Highways England will partner with the Graphene Engineering Innovation Centre (GEIC) at the University of Manchester to explore improving poor road surfaces with graphene.
Isolated at The University of Manchester in 2004 by Professor Sir Andre Geim and Professor Sir Kostya Novoselov, graphene is the world’s first two-dimensional material, many more times stronger than steel, more conductive than copper and one million times thinner than a human hair.
The Graphene Engineering Innovation Centre (GEIC) specialises in the rapid development and scale up of graphene and other 2D materials applications.
The GEIC is an industry-led innovation centre, designed to work in collaboration with industry partners to create, test and optimise new concepts for delivery to market, along with the processes required for scale up and supply chain integration.
Highways England is responsible for the motorways and major A roads in the country, which carry four million journeys over 4300 hundred miles of road network every day.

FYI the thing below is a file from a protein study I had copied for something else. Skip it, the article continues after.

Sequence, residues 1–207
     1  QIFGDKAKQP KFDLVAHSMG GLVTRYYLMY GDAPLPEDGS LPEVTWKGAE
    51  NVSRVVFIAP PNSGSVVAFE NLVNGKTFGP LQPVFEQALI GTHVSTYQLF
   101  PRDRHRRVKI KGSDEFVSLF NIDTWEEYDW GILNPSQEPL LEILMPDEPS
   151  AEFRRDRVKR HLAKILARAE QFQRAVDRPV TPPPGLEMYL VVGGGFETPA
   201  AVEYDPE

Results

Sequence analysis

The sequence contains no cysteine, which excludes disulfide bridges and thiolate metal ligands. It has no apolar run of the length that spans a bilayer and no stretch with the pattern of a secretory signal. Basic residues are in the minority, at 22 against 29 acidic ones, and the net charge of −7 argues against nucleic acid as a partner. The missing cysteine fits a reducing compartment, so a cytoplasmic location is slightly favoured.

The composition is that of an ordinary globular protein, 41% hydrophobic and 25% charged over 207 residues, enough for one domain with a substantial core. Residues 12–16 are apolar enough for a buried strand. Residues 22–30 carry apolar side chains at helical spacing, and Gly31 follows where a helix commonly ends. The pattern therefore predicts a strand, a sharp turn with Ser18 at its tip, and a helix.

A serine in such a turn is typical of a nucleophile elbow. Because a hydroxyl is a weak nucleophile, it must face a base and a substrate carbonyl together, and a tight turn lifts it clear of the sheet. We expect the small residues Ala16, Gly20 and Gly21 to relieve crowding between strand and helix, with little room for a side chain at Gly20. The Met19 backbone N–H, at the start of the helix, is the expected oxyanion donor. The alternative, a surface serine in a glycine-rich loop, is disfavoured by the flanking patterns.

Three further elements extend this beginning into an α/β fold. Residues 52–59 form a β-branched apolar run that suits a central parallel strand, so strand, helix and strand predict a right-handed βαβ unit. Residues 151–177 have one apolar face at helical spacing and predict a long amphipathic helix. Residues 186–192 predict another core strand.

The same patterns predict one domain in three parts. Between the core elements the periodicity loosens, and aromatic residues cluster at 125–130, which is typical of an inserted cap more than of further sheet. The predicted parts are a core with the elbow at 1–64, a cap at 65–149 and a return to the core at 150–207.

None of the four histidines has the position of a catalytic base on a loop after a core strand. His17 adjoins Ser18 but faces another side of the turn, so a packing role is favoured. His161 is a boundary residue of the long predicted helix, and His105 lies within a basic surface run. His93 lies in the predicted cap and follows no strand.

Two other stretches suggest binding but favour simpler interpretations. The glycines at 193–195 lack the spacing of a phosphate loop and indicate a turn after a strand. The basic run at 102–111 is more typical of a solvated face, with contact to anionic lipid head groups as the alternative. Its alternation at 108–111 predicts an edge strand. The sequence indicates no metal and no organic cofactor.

Paul Doney, innovation director at Highways England said: ‘We are really excited about the opportunity to explore leading-edge materials and what this might lead to for our road network.
‘GEIC is at the forefront, having made the discovery here in Manchester, and by building a collaboration with our operations teams who understand the challenges, we are looking to deliver improved safety and performance of our roads.’
James Baker, CEO Graphene@Manchester added: ‘This latest partnership is a brilliant example of how graphene can be used to tackle problems faced by most people everyday.
‘This is further enabled by the facilities and capabilities we can provide to our industry partners, that accelerates the many small improvements that ultimately create an optimised product.’]
In related news, UK firm Tarmac launched a new asphalt product that has been made from recycled road tyres.
The company believe that they could recycle and reuse up to 750 waste tyres for every kilometre of highway surfaced with the new material, depending on the thickness of the road, which would help to solve the UK’s ‘hidden problem’ of exporting waste tyres.